Novak Djokovic doesn’t care about your rules.
The Serbian tennis star, who was detained in Australia and ultimately barred from entry into the Australian Open, is the latest high-profile athlete to find himself at the heart of a culture war firestorm over vaccine denialism. The media has shouted him down for two weeks, his fellow anti-vaxxers for two years, and it seems that here we find ourselves stuck.
Such dramas, captivating as they may be, have brought us no closer to mending our bitter political divides. The antidote to our insufferable culture war is dreadfully boring: empathy. But, crucially, the ability to express it need not mean sacrificing our ideals to political moderation.
Cornell promises that its students can usher in a better world in the face of cultural and political strife. Tell that to a first-week freshman and their eyes will sparkle. Tell that to a senior and they’ll laugh in your face.
But even as our culture of ironic detachment washes over campus, hope remains alive and well, albeit in the loneliest corners. I found mine in the sea-green walls lining the basement of a Gothic chapel, and no, it wasn’t through a religious service. It was through the undergraduate student training for Cornell’s Empathy, Assistance and Referral Service (EARS).
EARS has a near fifty-year history of training students as anonymous, volunteer peer counselors who provide a walk-in and call-in service to anyone within the Cornell community. Through its informal counseling service and workshop trainings, EARS has sought to fill the gap left by months-long wait times at Cornell Health, fostering a warmer campus culture at a school that can feel oh so cold.
EARS gave me so much. But the thing that will stick with me the most from training is also the simplest — the power of validation. The conventional advice tells us we should engage with people we disagree with and practice active listening, but what next after that?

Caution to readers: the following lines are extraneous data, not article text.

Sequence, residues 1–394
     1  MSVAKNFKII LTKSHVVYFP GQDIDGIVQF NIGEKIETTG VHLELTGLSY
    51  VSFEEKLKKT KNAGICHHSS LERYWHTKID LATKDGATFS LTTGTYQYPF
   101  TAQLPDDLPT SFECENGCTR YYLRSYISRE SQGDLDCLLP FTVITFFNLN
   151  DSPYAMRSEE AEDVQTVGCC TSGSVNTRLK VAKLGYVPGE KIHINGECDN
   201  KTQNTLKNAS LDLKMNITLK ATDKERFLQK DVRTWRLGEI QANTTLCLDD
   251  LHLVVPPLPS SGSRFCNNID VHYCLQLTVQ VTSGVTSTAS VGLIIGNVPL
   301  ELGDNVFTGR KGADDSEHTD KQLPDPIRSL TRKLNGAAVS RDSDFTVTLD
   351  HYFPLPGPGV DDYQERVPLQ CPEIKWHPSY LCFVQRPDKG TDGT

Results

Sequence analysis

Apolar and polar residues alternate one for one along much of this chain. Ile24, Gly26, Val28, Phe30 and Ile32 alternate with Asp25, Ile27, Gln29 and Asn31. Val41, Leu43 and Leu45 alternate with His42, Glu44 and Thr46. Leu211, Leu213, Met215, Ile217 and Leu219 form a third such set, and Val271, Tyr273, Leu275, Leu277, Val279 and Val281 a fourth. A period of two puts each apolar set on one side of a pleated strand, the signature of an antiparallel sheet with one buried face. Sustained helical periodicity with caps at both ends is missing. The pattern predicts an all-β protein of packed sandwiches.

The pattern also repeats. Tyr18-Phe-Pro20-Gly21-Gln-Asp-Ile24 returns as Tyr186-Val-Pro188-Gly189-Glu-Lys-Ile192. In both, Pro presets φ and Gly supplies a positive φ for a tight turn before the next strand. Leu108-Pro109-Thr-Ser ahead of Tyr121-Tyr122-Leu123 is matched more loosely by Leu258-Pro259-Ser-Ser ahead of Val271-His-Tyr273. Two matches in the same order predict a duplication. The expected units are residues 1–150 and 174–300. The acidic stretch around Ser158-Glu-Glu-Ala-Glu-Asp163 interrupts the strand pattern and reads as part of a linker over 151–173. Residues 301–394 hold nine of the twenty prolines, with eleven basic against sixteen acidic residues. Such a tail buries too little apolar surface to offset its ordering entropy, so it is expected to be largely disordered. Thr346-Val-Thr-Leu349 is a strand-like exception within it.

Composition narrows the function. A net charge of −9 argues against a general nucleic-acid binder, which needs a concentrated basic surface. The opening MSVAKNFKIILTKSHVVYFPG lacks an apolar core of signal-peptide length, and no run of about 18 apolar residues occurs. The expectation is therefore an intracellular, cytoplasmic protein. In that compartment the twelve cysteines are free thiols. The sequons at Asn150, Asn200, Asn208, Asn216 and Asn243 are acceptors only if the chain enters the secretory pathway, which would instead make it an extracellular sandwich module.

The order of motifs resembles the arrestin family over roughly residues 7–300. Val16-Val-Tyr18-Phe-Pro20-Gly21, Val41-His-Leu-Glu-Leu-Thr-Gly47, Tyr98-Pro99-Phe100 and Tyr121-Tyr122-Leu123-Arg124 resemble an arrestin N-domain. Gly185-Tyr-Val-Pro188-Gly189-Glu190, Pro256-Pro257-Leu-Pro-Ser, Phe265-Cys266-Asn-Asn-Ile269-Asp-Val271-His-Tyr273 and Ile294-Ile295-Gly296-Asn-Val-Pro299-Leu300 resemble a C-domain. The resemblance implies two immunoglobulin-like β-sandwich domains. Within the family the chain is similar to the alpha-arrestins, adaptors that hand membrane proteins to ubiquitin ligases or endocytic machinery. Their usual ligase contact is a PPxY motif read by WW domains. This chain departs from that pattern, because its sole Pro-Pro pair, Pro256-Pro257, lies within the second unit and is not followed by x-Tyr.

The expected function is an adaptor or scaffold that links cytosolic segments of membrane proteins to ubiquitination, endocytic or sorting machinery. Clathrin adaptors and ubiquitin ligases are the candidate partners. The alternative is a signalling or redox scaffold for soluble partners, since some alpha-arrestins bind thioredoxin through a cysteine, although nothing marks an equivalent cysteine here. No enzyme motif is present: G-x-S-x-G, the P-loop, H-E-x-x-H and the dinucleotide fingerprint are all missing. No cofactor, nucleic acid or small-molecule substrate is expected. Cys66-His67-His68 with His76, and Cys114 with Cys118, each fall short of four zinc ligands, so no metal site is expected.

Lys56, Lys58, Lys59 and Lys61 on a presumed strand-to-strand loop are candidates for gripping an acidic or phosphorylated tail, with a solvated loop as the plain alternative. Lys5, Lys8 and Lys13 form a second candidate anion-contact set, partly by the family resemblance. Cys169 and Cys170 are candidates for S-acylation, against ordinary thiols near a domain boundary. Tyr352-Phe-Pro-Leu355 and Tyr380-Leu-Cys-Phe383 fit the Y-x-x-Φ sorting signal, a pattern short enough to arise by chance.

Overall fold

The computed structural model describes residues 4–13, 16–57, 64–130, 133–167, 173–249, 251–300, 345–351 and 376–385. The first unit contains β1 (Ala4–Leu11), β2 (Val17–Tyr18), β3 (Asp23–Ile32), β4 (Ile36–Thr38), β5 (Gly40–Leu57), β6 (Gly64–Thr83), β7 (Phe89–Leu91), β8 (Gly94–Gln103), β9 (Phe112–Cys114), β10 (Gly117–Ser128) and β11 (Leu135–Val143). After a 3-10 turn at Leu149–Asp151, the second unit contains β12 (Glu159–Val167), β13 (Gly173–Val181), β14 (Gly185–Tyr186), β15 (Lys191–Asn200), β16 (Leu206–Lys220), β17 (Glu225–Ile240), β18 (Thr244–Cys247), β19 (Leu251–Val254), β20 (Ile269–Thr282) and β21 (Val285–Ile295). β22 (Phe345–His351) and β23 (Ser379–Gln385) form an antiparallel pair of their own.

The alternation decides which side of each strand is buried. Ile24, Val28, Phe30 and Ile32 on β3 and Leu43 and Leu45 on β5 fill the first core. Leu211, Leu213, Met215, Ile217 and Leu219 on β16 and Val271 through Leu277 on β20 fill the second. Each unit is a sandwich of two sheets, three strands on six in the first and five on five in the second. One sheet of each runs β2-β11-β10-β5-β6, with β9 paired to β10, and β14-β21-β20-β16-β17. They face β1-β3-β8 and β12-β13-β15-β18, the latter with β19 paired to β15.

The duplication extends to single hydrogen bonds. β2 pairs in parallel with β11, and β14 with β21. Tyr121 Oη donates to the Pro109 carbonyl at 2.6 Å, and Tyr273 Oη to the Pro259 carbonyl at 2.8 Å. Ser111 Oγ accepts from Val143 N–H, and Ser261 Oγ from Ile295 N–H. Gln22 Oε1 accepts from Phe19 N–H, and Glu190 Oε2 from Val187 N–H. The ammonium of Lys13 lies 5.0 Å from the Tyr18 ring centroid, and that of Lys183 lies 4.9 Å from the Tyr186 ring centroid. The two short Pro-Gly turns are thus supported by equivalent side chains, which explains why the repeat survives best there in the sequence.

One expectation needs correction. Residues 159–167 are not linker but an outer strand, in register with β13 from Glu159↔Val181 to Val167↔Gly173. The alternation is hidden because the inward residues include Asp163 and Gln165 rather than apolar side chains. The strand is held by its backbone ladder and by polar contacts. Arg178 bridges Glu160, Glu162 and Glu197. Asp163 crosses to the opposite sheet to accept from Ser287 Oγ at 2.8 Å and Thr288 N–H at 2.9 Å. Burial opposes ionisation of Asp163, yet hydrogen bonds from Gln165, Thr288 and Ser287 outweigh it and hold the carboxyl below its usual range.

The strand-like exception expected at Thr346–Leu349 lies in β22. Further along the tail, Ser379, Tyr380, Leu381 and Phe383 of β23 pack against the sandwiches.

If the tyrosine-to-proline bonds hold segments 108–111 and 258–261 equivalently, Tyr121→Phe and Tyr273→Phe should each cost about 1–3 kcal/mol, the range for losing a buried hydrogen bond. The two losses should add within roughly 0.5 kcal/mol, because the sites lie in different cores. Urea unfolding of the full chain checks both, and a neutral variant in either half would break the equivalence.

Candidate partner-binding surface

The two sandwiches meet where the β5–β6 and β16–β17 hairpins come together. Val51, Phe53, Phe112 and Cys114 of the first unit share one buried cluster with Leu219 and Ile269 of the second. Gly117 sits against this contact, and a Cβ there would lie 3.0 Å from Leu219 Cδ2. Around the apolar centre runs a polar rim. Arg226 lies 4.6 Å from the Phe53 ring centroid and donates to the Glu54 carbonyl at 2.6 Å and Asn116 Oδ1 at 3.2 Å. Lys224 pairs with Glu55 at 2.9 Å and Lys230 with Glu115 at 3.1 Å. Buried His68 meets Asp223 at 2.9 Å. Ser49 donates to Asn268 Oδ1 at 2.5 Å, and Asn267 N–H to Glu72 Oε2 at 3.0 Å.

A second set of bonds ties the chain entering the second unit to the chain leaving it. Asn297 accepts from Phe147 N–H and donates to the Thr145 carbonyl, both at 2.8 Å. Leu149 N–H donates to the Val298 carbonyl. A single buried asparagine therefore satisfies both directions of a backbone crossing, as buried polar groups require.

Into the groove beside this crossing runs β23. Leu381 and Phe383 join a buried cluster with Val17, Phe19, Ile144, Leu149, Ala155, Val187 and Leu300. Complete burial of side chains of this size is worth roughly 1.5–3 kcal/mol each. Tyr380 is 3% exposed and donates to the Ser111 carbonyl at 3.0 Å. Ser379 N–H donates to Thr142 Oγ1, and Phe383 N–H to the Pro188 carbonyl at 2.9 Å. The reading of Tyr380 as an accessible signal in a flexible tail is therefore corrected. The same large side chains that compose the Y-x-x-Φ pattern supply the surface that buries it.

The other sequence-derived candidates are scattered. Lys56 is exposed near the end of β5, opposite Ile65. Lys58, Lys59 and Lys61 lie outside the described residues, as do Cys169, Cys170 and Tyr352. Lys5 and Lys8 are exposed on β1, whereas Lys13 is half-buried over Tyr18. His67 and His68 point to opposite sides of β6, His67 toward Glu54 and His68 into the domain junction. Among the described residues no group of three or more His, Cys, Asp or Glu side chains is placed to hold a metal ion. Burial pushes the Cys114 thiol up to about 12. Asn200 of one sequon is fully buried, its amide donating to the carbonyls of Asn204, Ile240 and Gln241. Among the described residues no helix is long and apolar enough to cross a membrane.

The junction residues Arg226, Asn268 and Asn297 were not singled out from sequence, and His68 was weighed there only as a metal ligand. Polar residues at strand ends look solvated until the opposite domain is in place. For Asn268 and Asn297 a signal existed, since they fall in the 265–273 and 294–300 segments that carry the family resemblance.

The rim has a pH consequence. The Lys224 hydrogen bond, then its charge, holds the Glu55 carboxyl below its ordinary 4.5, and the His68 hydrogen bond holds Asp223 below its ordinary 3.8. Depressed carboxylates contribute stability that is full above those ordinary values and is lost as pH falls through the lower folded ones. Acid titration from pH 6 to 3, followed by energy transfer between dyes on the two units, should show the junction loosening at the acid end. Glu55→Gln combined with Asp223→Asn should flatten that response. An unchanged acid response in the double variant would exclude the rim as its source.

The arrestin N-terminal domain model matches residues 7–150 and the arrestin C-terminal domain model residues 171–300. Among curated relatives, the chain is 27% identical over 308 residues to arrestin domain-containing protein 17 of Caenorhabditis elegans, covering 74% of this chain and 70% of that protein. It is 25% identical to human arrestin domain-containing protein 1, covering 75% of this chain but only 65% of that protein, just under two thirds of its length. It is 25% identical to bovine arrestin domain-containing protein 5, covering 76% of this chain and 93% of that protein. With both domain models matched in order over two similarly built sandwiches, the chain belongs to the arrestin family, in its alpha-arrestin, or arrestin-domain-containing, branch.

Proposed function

The center-left, with Mr. Empathy™ Joe Biden at the helm, presents political moderation as the solution. The “identity politics” wing rejects this centrism, but chucks out empathy along with it. Both sides operate under the logic that one’s political views and one’s level of empathy for the other side should be in lockstep. This is a fatal mistake.
EARS showed me, alternatively, that to validate the feelings of another person is not to compromise your own beliefs. In fact, it’s in validating that politics are emotional that we put democracy into practice. Which brings me back to the case of Novak Djokovic.
I grew up watching Djokovic score sliding two-handed-backhand returns, with his signature taunts to the crowd and roaring celebrations in victory. He’s always possessed a ruggedness that cut through the aristocratic culture of the sport, and he’s duly obliged to play the villain as penance.
It was my father who brought a love of tennis into the family, and as the son of Croatian immigrants — though mortal rivalry against Serbs was also on the cards given historic conflicts — the shared heritage of Yugoslavian origins proved strong enough to lure in his, and my own, support. When Djokovic finds himself in controversy, and over the years there’s been plenty, I find myself clicking my tongue in disapproval like my Croatian grandmother would.